Named for Slavic/Central European light cavalry and seemingly themed after war-torn and power hungered mindset Toronto, Canada based death metal trio Hussar make an odd, or at least indeterminate first impression with their craft, a form of moderately bent death metal syncopation well-sorted out in its introspective yet mildly performative groove focused gesturing. ‘All-Consuming Hunger‘ is more progressive than it is doomed where sub-genre nuance is concerned though the opposite is true of the generally moody, frustrated yet mobilized act that it evolves into. Though we are in danger of confusing late nineties alt-metal tropes and tones for impure death metal’s abstractions of counter cultural rhythmic values in this type of revision, the effect is nonetheless entertaining from any angle of observation and the band’s work lands finely detailed, already accomplished at their most public outset.
Rather than pen an entirely new set of unheard-of pieces for ‘All-Consuming Hunger‘ Hussar have opted to refine a set of four of their best songs from their demo and rehearsal/live sessions released over the last four years and finish it off with what appear to be two of their most recent compositions, giving us a surprisingly logical temporal progression through their development and thought process from 2018 ’til now. This means that folks who’d already partaken in their first demo (‘Shattered Morale‘, 2018) their live-recorded tape, ‘Live at Lula‘, from that same year and the more recent ‘All-Consuming Hunger‘ (2020) live tape more-or-less have a clear idea of what the trio are all about, though the final render here is comparatively polished and professional, lending more precision to the bass guitar in the mix and allowing for a few more guitar layers in general. The two songs found on ‘No Victor‘ (2019) don’t appear to have made it onto the running order and don’t seem to have been reworked/repurposed into the final two songs on the album, which are in a similar style nonetheless. That isn’t to say that there are no pleasant surprises here on this fine debut LP but that it generally serves a very best version of the impressive initial developmental phase of the band.
Within the infectious grooves. — A strong rhythm section and a knack for piecing together sidewinding death metal grooves ends up being the biggest draw here, the sensation of Voivod-esque progressive metal without pretense and with a bit of late 90’s/early 2000’s Gorguts (see: ‘From Wisdom to Hate‘) in the distant periphery makes for a moderately memorable, momentum-based listen which will initially read squarely in the progressive death metal region, reports of death/doom metal are unfounded from my perspective as the vibe and the riffs do not match past-or-present doom metal trope, staging or representative influence. ‘All-Consuming Hunger‘ makes good use of groove metal theatrics otherwise, leaning into ringing dissonant intervals for its most notable phrasing alongside a few quick stabs at classic progressive death metal’s basal motion (“Dissonant Weeping of a Thousand Widows”) for the sake of adding some memorable texture and barreling push to their run-on riffcraft. Most riffs invariably lead somewhere when following the thread… though the overall effect reads as rooted in the alt/groove spectrum of modern metal when reduced to the destination rather than the journey, so to speak.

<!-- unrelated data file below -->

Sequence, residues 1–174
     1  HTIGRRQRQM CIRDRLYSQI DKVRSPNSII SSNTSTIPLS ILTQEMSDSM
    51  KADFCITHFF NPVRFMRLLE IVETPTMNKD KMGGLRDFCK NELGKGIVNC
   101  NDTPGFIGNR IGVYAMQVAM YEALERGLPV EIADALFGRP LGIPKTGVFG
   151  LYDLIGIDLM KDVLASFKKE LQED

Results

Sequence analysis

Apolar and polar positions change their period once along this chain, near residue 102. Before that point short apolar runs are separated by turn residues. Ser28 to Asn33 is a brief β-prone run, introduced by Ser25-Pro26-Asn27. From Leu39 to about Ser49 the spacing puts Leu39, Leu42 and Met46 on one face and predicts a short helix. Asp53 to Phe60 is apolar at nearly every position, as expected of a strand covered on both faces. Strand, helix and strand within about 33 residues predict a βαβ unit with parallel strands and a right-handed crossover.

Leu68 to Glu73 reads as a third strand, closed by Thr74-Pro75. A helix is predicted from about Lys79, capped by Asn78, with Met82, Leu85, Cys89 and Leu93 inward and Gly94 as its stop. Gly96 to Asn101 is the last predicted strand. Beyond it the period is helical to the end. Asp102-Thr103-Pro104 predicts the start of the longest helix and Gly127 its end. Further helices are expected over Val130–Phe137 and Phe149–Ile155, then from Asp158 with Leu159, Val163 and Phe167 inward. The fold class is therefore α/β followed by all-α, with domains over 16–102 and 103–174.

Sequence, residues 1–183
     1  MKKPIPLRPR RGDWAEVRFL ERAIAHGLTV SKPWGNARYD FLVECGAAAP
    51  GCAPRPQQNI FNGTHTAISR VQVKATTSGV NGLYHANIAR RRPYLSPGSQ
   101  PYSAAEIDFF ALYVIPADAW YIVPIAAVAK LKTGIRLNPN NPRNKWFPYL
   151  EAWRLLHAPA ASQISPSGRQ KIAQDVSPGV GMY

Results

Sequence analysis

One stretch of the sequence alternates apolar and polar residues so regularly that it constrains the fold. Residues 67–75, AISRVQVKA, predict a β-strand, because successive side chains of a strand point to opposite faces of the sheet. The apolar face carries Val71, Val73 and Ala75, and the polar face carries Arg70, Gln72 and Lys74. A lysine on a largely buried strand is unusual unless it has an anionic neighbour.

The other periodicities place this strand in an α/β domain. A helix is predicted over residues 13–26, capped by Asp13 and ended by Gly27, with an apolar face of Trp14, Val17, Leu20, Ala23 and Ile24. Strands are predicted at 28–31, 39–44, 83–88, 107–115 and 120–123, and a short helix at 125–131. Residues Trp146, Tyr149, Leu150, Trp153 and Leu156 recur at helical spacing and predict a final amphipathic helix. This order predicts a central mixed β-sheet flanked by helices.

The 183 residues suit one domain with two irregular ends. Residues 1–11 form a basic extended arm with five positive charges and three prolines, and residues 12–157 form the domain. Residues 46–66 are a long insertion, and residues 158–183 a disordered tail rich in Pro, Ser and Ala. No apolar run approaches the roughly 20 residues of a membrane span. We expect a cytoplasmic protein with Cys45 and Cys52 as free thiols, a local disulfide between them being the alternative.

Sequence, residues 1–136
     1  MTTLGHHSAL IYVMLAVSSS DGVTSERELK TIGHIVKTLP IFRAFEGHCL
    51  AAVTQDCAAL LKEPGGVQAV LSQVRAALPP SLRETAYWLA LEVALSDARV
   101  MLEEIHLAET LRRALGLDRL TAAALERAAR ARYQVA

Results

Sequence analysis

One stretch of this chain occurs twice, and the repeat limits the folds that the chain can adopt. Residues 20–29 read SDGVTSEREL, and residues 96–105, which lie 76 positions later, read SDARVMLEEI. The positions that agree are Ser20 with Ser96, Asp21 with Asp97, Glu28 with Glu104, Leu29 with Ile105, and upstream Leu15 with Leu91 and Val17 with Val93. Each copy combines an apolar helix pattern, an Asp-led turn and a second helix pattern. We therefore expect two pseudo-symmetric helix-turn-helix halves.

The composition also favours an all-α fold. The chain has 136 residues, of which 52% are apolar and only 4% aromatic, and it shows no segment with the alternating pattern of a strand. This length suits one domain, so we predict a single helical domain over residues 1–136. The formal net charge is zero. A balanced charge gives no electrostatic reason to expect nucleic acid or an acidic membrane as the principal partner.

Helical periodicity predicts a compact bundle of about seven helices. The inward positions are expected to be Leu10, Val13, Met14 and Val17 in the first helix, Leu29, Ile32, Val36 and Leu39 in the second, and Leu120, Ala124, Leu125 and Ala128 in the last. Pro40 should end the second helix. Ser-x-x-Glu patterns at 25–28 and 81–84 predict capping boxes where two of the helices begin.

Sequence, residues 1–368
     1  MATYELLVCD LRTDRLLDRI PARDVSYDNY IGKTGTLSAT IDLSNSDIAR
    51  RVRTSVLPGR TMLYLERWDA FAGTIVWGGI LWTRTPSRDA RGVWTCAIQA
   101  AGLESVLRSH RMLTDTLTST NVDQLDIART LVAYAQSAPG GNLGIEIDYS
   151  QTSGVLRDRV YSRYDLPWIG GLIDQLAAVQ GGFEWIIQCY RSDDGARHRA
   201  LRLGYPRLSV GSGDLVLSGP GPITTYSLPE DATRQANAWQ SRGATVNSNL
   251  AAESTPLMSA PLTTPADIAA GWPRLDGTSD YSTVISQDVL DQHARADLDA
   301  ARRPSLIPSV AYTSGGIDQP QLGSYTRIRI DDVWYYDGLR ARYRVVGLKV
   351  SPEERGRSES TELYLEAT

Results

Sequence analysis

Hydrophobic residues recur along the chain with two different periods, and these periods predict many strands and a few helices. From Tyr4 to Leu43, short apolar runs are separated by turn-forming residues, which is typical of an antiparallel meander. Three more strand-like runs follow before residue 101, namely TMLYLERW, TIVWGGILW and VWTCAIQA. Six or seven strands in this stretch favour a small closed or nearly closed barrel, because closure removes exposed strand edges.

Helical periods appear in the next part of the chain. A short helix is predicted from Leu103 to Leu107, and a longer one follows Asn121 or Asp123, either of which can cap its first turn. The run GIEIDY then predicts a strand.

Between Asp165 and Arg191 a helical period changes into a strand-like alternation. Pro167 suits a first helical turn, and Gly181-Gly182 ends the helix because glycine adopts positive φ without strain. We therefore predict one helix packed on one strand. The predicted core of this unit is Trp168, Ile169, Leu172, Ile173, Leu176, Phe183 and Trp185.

Hussar‘ve generated entertainment value enough within the rhythm guitar work alone that the only lacking value across the board, lead guitar interest, won’t likely occur to the average death metal fan tunneling along with ’em until repeated listens have had time to sink in beyond the ride of it all. I’d found the final third of the album (“A Dissonant Weeping of a Thousand Widows”, “A Vile and Hollow Shell”) developed the interplay of the trio’s rhythms quite a bit more in comparison to the first two thirds, lending a sensation of a tightly knotted prog-death jam primarily interested in showcasing rhythm guitar work. There is a certain level of trade-off between pieces which are more accomplished in their rhythmic finesse yet somewhat less memorable and the more obvious, groovier standouts (see: “All-Consuming Hunger”, “Ritualistic Castration of the Feeble-Minded Cowards”) and this creates a certain level of balance on the full listen without generating any too-clear divisions in style or mood.
Hussar avoid the ‘one trick pony’ b/w ‘one track mind’ syndrome of so many too-eager death metal groups who rush out a debut LP without any unifying personae, point of view, or core idea by way of sheer aptitude and experience, and I’d generally chalked this up to guitarist/vocalist Vadim Balanyuk expanding upon his gains founded fronting progressive black metal group Traitor, though the well in sync performances of the trio as a whole keep this machine moving in interesting ways. Effective album art and inviting sound design made for an easy point of ingress on my part, the most memorable aspect of the album (its rhythms) would produce diminishing returns in my case after around eight to ten listens; This is nonetheless an admirable above-average run from a band who present no overtly borrowed or typified result within this well-crafted debut. A moderately high recommendation.
|LABEL(S):||I, Voidhanger Records|
|RELEASE DATE:||September 30th, 2022|
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